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Estate Planning
Estate Plans Are for Everyone
These Documents Will Ensure That You Control Key Decisions By AMANDA R. CARPE, Esq.
The idea of creating an estate plan can be uncom- fortable. It is human nature to shy away from distressing thoughts of what might happen if
we pass away, or if we become incapacitated and are unable to make decisions for ourselves. Unfortunately, when it comes to estate planning, delay or avoidance can create serious difficulties, with no easy solutions.
What Is an Estate Plan?
An estate plan is much more than just a will.
An estate plan is a comprehensive plan that takes
into account your specific assets and your personal wishes, and ensures that you and your loved ones
are protected if the unforeseeable (or even the foreseeable) happens to you. An experienced estate- planning attorney can work with you to ensure
there is clear authority and direction for handling
your medical care and financial affairs should you become incapacitated or after you have passed
away. A properly prepared, comprehensive estate plan will incorporate many factors, including your personal goals, family dynamics, privacy concerns, and philanthropic ideologies, among others.
Who Needs an Estate Plan?
Estate plans are for everyone. A common misperception is that estate planning is only a concern of senior citizens. In fact, college students, married couples, domestic partners, parents or guardians
of young children, and single people of all ages can benefit greatly from having an estate plan in place. Without an estate plan, the court will decide who handles your affairs if you become incapacitated, and where your assets will go after your death. These
legal proceedings can be public and costly, can take
an incredibly long time to resolve, and can cause irreparable rifts in families. A basic estate plan that includes a healthcare proxy, power of attorney, and
a last will and testament is both a cost-efficient and effective way to make sure your wishes are carried out.
Why Do I Need a Healthcare Proxy?
attorney appoints a trusted person (or entity) to manage your financial affairs on your behalf should you become incapacitated and unable to manage them on your own. In the event you become incapacitated, no one, not even a spouse, can act on your behalf in regard to your financial affairs without a valid power of attorney. This would include paying bills, attending to investments, maintaining or selling a residence, paying a mortgage, filing tax returns, and all other financial matters.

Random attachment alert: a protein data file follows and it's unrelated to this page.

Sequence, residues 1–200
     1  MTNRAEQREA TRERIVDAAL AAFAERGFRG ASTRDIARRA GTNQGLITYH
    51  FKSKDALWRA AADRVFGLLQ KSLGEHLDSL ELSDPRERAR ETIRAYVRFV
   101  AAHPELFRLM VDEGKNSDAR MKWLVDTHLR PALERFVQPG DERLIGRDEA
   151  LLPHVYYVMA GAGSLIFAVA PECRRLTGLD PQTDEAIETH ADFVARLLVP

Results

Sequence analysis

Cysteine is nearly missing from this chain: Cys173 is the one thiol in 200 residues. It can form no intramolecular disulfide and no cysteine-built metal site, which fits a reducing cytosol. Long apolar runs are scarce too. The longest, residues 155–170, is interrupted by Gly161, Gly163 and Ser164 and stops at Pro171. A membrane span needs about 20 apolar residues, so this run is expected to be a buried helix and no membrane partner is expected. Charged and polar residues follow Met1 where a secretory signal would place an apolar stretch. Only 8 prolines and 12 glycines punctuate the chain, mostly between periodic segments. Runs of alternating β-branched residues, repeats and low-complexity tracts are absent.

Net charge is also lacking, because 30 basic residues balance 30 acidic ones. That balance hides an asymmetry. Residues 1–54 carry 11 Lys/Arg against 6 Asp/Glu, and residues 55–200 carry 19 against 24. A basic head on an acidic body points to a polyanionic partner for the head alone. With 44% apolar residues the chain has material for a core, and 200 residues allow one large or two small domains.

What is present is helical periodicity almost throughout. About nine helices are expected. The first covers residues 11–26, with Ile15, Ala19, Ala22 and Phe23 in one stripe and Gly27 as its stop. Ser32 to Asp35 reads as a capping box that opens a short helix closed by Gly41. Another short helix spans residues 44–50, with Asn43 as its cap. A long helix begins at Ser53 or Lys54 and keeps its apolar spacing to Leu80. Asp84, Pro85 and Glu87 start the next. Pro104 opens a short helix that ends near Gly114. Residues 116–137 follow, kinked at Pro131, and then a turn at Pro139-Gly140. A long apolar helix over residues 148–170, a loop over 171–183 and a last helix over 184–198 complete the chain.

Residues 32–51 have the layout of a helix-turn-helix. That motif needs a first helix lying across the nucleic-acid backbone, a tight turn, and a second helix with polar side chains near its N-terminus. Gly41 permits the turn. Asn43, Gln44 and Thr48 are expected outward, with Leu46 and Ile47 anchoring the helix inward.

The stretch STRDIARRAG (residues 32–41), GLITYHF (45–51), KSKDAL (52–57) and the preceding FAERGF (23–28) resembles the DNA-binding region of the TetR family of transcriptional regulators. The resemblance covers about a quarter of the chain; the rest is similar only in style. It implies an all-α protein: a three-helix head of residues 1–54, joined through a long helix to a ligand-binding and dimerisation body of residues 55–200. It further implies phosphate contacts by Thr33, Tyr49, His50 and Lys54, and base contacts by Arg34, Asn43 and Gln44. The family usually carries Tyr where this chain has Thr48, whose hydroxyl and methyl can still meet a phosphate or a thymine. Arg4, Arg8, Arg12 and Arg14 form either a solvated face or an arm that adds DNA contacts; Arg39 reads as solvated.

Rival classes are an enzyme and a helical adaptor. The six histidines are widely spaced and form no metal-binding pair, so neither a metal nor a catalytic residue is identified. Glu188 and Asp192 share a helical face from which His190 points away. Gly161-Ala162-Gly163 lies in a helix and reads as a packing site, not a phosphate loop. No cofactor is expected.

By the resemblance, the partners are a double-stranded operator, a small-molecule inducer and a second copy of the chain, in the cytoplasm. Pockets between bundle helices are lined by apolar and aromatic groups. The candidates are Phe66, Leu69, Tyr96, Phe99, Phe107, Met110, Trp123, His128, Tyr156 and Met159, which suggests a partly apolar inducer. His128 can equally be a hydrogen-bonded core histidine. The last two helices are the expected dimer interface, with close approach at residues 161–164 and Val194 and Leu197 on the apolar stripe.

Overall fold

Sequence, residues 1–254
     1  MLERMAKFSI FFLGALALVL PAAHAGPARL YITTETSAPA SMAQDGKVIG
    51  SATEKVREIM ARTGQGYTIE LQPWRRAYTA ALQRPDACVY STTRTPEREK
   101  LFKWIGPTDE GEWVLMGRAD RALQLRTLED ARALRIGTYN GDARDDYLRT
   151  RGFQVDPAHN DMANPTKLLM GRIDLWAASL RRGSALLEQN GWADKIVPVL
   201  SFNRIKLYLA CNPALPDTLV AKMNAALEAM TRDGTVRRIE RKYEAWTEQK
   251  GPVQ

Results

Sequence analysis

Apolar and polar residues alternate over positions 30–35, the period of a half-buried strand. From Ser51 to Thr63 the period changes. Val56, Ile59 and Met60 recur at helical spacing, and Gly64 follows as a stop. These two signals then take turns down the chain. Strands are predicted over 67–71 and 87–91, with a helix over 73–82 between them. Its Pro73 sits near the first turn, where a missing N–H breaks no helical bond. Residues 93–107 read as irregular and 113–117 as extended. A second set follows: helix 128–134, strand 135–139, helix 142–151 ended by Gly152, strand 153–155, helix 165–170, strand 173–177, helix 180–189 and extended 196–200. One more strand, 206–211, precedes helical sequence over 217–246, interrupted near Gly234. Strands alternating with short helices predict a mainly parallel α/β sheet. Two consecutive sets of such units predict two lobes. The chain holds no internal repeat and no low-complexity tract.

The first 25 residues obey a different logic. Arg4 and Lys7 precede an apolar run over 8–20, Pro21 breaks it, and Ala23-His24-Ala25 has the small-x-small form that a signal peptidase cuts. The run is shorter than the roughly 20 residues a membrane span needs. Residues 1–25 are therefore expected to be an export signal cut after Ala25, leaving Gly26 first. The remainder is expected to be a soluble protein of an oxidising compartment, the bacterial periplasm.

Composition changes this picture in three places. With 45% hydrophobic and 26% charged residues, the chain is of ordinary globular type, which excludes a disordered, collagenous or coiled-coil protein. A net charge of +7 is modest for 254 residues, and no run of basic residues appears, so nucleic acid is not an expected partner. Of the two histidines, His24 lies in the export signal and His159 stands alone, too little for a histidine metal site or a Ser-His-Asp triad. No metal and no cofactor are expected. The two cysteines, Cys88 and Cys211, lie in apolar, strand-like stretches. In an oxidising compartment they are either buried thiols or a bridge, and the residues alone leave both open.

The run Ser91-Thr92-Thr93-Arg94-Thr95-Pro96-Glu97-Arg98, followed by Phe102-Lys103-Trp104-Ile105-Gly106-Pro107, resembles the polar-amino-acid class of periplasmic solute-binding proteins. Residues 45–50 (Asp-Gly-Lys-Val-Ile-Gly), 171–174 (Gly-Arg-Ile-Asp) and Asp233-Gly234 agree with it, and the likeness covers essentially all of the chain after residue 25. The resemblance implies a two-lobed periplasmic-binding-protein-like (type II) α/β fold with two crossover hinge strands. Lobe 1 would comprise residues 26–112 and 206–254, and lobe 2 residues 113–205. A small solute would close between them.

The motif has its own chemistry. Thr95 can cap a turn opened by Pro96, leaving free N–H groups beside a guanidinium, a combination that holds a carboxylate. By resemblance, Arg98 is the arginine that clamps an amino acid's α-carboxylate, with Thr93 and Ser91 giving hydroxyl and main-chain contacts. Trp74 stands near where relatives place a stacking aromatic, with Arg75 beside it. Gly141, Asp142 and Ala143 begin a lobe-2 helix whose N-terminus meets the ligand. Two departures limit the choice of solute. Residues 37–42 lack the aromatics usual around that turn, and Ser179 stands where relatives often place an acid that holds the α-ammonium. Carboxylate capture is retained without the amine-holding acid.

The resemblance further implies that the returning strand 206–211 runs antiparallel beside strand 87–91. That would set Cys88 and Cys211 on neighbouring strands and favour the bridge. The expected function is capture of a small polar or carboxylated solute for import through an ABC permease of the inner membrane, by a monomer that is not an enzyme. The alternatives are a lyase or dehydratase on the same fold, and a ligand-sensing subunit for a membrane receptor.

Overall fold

Why Do I Need a Last Will and
Without a last will and testament, the agent who will handle your affairs and how your assets are divided is all predetermined by statute. It is an unfortunate but all-too-frequent occurrence that someone passes away without a will, and suddenly, an otherwise cohesive family begins fighting and disagreeing about how
their deceased loved one’s affairs should be handled. Arguments over personal property, asset management, and distributions can quickly turn litigious, sometimes creating permanent resentment among family members. Having a will helps avoid these potential pitfalls. A last will and testament clearly states who will be responsible for the administration of the estate and how assets will be divided. A clear and well-planned last will and testament can alleviate stress among grieving family members and provide comfort that their loved one’s wishes are being fulfilled.
What If I Want to Avoid Probate?
While a will indicates your wishes and provides instructions to your family and friends as to how you would like your estate managed, it does not avoid probate. There are estate-planning strategies that can ensure your family members can seamlessly and easily handle your affairs after your death, without the need for probate-court involvement. An estate-
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attorney can
work with
you to ensure
there is clear authority and direction for handling your medical care and financial affairs should you become incapacitated or after you have passed away.”
 Everyone over the age of 18 should have a healthcare proxy, and this includes young adults. Without a valid healthcare proxy, hospital privacy laws may prevent your spouse or loved one from getting information about you should you become hurt or sick. This document allows you to designate who will be your decision maker in the unfortunate event of incapacity, as well as whether you wish to be kept alive by machines, or to donate your organs. It also may include directives for funeral arrangements, such as cremation or burial.
Why Do I Need a Power of Attorney?
A power of attorney is one of the most important documents a person can have. A durable power of
        Hyman Darling Gina Barry Ben Coyle Lisa Halbert Todd Ratner Amanda Carpe
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   30 AUGUST 2021

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